Adapting the Adaptations

Whenever we visit a dog, we see if there are any simple adaptations that can be made to their house to help with their daily mobility. Things like rugs, mats or carpets over slippy floors. A raised food bowl so the dog doesn’t have to stoop down on already sore joints. Small steps over the door frames. Cushions beside a sofa or bed that they always use to jump on. And comfy beds – don’t forget them. Do the 30 minute Numb Bum test (if you can sit on your dog’s bed for 30 minutes without getting a Numb Bum then it’s likely that they are finding it supportive and comfy)

But things change. And adaptations should change too.

Our house has progressively become a Senior Dog Show Home. We have carpets and half steps everywhere. But our Sarah is beginning to drag her rear legs more, meaning Carpenter Chris has been building again.

Most of the frames to the outdoors have small lips. These were becoming trippy lips. Now we have ramps. Two pieces of light, but strong, wood, hinged in the middle so we can put the ramps away when not in use, move them from door frame to door frame as necessary, with some rubber on top to protect paws even more. And Sarah loves then. Up she goes and down the other side with a big grin into the great outdoors.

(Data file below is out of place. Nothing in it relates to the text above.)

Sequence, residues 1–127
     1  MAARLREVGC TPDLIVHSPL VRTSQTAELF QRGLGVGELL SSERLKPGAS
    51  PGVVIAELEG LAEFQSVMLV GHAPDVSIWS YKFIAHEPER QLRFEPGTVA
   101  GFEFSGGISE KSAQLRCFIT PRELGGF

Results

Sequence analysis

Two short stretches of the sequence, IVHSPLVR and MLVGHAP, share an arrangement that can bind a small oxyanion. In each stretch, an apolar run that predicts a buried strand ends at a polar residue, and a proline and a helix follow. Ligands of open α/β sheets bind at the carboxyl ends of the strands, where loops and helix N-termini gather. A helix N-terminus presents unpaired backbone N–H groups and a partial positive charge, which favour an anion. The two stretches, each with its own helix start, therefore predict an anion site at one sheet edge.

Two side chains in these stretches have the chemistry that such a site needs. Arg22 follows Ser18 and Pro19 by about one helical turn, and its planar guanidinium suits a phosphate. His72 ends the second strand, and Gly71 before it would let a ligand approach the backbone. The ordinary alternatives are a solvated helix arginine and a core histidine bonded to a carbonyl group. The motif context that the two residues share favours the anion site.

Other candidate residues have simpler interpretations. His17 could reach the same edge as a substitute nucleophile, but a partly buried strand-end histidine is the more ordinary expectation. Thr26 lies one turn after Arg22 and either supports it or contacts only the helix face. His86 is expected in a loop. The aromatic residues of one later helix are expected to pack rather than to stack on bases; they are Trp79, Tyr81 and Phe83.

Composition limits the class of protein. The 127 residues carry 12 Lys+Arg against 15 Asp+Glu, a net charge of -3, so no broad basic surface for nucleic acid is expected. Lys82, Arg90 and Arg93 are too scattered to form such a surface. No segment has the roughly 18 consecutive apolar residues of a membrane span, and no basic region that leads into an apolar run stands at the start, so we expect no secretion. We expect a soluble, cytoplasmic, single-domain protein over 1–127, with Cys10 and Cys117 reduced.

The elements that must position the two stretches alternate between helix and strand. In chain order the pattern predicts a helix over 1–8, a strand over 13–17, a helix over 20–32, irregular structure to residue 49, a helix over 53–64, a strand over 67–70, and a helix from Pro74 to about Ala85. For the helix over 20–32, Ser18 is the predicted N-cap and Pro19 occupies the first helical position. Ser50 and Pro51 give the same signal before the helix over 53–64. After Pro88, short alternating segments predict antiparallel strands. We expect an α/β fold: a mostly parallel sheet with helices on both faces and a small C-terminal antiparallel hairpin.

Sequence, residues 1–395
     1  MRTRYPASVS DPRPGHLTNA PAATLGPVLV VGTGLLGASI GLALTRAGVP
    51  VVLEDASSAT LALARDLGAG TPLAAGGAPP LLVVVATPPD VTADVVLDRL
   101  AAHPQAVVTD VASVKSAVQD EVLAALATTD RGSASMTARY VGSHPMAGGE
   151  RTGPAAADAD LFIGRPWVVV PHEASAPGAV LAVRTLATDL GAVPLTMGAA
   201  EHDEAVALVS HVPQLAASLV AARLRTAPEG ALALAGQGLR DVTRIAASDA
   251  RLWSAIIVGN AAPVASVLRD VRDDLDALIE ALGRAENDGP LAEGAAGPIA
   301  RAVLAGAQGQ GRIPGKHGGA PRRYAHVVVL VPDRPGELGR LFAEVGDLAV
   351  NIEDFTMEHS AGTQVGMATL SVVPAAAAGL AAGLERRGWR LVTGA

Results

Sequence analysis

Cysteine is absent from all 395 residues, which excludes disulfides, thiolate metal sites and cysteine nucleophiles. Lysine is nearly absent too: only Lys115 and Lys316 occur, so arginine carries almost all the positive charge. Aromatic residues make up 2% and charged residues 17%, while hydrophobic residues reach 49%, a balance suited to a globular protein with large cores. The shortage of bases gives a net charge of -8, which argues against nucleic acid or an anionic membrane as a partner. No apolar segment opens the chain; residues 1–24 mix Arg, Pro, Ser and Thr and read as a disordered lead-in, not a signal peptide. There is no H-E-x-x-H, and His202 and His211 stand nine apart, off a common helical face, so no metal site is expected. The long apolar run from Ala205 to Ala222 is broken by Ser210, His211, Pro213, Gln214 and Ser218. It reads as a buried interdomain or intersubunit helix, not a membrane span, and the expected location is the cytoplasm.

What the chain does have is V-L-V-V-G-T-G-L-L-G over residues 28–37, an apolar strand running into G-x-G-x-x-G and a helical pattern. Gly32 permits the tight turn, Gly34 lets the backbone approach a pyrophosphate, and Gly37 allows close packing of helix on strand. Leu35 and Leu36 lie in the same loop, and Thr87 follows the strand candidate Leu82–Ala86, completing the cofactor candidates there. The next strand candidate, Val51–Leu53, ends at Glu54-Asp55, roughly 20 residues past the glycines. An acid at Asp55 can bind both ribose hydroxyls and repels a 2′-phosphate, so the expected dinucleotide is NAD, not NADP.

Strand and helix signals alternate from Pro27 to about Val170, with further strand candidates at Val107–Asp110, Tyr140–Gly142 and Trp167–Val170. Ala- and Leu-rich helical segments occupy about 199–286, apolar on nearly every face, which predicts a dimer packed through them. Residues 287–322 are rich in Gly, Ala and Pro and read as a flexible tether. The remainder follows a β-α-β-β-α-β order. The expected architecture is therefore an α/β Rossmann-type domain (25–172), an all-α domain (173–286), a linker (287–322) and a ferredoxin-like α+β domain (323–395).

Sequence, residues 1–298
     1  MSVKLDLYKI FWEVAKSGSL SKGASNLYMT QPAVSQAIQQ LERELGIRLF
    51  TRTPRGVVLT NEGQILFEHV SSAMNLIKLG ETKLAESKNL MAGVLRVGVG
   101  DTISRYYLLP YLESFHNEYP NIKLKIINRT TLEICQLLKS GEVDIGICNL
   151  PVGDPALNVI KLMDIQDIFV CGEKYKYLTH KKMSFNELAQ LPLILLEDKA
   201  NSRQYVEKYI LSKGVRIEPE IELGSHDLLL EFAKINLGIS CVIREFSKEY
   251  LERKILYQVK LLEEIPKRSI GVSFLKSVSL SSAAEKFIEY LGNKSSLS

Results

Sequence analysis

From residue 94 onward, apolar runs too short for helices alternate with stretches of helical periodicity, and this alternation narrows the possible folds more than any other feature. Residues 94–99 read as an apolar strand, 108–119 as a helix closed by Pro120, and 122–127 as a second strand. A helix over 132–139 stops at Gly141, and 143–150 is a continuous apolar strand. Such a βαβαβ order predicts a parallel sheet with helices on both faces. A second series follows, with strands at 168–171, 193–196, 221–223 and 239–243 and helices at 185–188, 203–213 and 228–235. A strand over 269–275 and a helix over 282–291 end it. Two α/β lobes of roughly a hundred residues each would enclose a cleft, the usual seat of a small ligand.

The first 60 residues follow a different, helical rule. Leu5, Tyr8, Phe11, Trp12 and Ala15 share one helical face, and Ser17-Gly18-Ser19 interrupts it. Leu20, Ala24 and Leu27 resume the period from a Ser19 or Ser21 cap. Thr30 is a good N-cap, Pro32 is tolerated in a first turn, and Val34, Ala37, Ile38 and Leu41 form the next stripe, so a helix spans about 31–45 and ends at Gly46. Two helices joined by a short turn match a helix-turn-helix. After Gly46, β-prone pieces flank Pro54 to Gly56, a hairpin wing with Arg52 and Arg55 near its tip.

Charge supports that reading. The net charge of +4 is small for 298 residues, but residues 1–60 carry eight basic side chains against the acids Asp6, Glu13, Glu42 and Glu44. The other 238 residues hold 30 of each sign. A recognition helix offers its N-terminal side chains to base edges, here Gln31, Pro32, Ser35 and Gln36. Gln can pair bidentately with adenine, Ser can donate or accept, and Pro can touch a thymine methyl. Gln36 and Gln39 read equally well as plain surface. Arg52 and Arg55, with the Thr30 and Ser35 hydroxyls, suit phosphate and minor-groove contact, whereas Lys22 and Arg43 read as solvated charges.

Then there’s Mr Sam. He likes to start the evening on my bed. He had a couple of memory foam mattresses to help him with the up and soften the down but they were giving a little and not helping his upwards propulsion. Now….he has his own step. Custom built to Mr Sam height with an added soft but thin mattress. He can easily stand up on the step and then take a further step onto the bed. Going down, the step is big enough so he can get completely on it, before taking the last step to the floor. No more crashing squishing noises. Just a couple of gentle steps.

Follow your dog around your house for an hour or so, noting any areas where they may be struggling or tripping and think how you could minimise or relieve the hazard. Cheap, simple homemade solutions often work best as they can be tailored to your house and your dog. Give us a call if you need any advice or help.

This entry was posted in acheypaw, achy paws, AchyPaw, achypaw myotherapy, canine myotherapy, dog myotherapy, achypaw myotherapy, myotherapy, achy paws, confidence boost, Dog massage, empowerment, household adaptations, injury prevention, multimodal therapy for dogs, prevention, therapeutic massage and tagged , , , , , , , , . Bookmark the permalink.